Collective Care: Indigenous Motherhood, Family, and HIV/AIDS

By Pamela J. Downe

© 2020

Collective Care provides an ethnographic account of urban Indigenous life and caregiving practices in the face of Saskatchewan’s HIV epidemic. Based on a five-year study conducted in partnership with AIDS Saskatoon, the book focuses on the contrast between Indigenous values of collective kin-care and non-Indigenous models of intensive maternal care. It explores how women and men negotiate the forces of HIV to render motherhood a site of cultural meaning, personal and collective well-being, and, sometimes, individual and community despair. It also introduces readers to how HIV is Indigenized in western Canada and how all HIV-affected and -infected mothers must negotiate this cultural and racialized terrain.

Featuring in-depth narrative interviews, notes from participant observation in AIDS Saskatoon’s drop-in centre, and a photovoice component, this book offers an accessible account of an engaged anthropologist’s work with a community that is both vulnerable and resilient. Each chapter begins with an ethnographic vignette that introduces central concepts, including medical anthropology, syndemics, kinship, and Indigeneity, with the overall aim of humanizing those affected by HIV in western Canada and beyond.

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Product Details

  • Series: Teaching Culture: UTP Ethnographies for the Classroom
  • World Rights
  • Page Count: 176 pages
  • Illustrations: 9
  • Dimensions: 6.0in x 1.0in x 9.0in
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SKU# HE000794

  • AVAILABLE JAN 2021
    From: $26.95
    ISBN 9781487587635
  • AVAILABLE FEB 2021

    From: $48.75

    Regular Price: $65.00

    ISBN 9781487587642
  • AVAILABLE MAR 2021
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Quick Overview

This engaging ethnography explores how Indigenous women and their communities practice collective care to sustain traditional lifeways in what has been called Canada’s "HIV hot zone."

Collective Care: Indigenous Motherhood, Family, and HIV/AIDS

By Pamela J. Downe

© 2020

Collective Care provides an ethnographic account of urban Indigenous life and caregiving practices in the face of Saskatchewan’s HIV epidemic. Based on a five-year study conducted in partnership with AIDS Saskatoon, the book focuses on the contrast between Indigenous values of collective kin-care and non-Indigenous models of intensive maternal care. It explores how women and men negotiate the forces of HIV to render motherhood a site of cultural meaning, personal and collective well-being, and, sometimes, individual and community despair. It also introduces readers to how HIV is Indigenized in western Canada and how all HIV-affected and -infected mothers must negotiate this cultural and racialized terrain.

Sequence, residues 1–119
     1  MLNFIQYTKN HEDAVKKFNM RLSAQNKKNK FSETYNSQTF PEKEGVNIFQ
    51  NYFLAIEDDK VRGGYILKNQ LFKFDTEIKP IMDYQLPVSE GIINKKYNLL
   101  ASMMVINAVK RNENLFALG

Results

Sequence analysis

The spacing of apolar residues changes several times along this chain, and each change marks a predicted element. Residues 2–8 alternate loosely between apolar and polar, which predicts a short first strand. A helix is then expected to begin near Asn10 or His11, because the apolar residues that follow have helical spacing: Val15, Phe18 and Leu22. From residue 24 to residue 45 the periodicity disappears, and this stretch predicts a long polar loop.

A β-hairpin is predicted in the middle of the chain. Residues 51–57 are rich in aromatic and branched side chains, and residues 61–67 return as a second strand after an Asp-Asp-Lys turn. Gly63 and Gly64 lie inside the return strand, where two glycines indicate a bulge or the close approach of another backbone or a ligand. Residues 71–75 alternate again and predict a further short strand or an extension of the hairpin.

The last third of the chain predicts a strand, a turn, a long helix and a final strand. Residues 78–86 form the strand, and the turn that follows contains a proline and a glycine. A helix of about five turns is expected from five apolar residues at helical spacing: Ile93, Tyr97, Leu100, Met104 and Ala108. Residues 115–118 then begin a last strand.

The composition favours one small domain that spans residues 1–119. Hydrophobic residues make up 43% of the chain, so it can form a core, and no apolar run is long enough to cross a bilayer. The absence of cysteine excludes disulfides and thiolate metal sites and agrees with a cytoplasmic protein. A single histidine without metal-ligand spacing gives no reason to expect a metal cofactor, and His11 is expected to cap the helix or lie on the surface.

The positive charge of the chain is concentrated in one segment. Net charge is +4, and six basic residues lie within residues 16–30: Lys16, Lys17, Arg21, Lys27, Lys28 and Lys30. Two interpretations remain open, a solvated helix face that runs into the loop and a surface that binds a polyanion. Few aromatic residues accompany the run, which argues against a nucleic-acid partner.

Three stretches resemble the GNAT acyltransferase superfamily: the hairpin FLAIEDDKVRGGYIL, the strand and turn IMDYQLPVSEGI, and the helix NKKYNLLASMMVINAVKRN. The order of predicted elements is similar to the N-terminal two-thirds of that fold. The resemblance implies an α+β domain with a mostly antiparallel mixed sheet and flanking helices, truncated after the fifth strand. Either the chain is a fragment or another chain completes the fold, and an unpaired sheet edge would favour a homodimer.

Featuring in-depth narrative interviews, notes from participant observation in AIDS Saskatoon’s drop-in centre, and a photovoice component, this book offers an accessible account of an engaged anthropologist’s work with a community that is both vulnerable and resilient. Each chapter begins with an ethnographic vignette that introduces central concepts, including medical anthropology, syndemics, kinship, and Indigeneity, with the overall aim of humanizing those affected by HIV in western Canada and beyond.

Continue Reading Read Less

Product Details

  • Series: Teaching Culture: UTP Ethnographies for the Classroom
  • World Rights
  • Page Count: 176 pages
  • Illustrations: 9
  • Dimensions: 6.0in x 1.0in x 9.0in
  • Reviews

    "By sharing perspectives that are often ignored, this work provides important insight not found elsewhere. The reliance on the words of Indigenous women is a wonderful example of the kind of allyship we have been calling for. Rather than speaking for the women, Pamela J. Downe has created a literary space where they can speak for themselves. The truth of their stories comes through in vibrant quotes about loving and raising children in a collective way."


    Dawn Lavell-Harvard, Director of the First Peoples House of Learning, Trent University, and former President of the Native Women’s Association of Canada

    "Collective Care icontributes to our understanding of Indigenous family life and the lives of those affected by HIV/AIDS. Because the book focuses on family relationships and care in a context that is somewhat familiar to students, yet different from more frequently studied communities with HIV/AIDS. This book will be a useful tool for teaching."


    William McKellin, Assistant Professor in the Department of Anthropology, University of British Columbia
  • Author Information

    Pamela J. Downe is an associate professor in the Department of Archaeology & Anthropology at the University of Saskatchewan and past-president of the Canadian Anthropology Society (CASCA).
  • Table of contents

    Preface
    Chapter 1: Beginning
    Chapter 2: Family
    Chapter 3: Motherhood
    Chapter 4: Fatherhood
    Chapter 5: Loss
    Chapter 6: Love
    Chapter 7: Closing
    References

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